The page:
Positive payment history coupled with measures under the CARES Act kept mortgage defaults from increasing month-on-month, but borrowers who were in trouble grew exponentially year over year, according to TransUnion.
The percentage of borrowers who were in default over 60 days rose from 1.07% in June to just 1.08% in July and from 1.41% a year earlier. The proportion of 30-day arrears was similar, falling in July from 1.83% in the previous month to 1.81% and year-on-year to 2.68%.
"The moratoriums definitely play a big role in crime figures, but we are seeing that even consumers are paying with tolerance," said Matt Komos, vice president of research and advice at TransUnion, in an interview. "Once a consumer participates in such a housing scheme, their crime status cannot deteriorate. However, when they make payments they can move from the past to the present."
While this mix of pragmatic payment behavior and forbearance coverage suppresses arrears, hardship loans – defined as deferred, forbidden, overdue, or frozen accounts – rose about eight times more than a year ago.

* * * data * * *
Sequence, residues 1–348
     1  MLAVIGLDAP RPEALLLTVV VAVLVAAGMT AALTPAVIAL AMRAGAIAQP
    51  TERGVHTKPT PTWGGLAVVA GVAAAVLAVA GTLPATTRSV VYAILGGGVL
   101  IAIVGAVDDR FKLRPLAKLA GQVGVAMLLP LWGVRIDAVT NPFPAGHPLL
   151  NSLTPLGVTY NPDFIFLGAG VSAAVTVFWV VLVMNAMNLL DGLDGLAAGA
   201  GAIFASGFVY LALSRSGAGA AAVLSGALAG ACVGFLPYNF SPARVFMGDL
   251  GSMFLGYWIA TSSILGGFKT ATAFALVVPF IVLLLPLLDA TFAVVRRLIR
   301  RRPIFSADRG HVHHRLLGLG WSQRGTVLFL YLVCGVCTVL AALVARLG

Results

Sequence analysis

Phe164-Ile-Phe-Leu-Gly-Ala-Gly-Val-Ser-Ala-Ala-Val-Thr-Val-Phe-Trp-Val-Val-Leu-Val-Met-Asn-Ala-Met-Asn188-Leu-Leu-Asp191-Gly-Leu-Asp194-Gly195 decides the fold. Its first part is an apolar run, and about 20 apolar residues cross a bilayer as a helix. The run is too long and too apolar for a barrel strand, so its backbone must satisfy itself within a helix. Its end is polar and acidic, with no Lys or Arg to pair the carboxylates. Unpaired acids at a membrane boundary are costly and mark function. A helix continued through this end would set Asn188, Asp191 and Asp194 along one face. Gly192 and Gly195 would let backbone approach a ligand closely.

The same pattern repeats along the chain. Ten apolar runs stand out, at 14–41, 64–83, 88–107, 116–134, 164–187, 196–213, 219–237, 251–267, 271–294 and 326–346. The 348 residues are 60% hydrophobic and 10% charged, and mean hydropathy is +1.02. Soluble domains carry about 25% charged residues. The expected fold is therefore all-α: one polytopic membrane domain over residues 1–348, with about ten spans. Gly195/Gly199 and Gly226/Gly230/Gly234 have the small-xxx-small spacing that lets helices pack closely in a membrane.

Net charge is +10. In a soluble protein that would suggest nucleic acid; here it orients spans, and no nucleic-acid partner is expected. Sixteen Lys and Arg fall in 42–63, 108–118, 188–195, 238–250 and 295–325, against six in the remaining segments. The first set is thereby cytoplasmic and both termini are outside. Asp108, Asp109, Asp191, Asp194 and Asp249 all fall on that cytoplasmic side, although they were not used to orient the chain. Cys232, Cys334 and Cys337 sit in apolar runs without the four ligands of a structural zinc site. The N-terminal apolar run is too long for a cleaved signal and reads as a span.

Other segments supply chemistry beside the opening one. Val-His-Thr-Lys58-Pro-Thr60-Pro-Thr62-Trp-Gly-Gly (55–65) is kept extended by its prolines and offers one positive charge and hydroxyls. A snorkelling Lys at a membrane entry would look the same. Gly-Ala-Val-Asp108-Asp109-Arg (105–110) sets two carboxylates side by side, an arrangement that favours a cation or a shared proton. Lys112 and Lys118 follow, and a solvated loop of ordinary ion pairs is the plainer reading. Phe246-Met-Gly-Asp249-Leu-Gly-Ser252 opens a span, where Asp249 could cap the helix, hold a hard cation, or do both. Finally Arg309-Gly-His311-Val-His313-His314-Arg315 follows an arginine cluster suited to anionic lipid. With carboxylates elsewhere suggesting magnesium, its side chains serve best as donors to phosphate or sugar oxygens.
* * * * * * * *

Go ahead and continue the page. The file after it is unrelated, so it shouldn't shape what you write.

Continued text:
About 6.15% of mortgages were in bad shape in July, up from 0.75% the previous year. Although the coronavirus caused the exponential surge, the percentage has declined since peaking at 7.48% in May. This decline matches the general forbearance that peaked in late May and early June.
Future growth in the number of distressed borrowers depends on further enhancements to the CARES Act, including stimulus packages and foreclosure embargoes. As with the COVID-19 crisis as a whole, the situation remains fluid.
"At the end of July, many government programs to help consumers ran out, so they are stuck for the moment," Komos said. "We'll be watching this closely through August and tracking how payment behavior changes, if it's out of tolerance, to see if crime shifts. The next few months will give us a better indication of where things might go . ""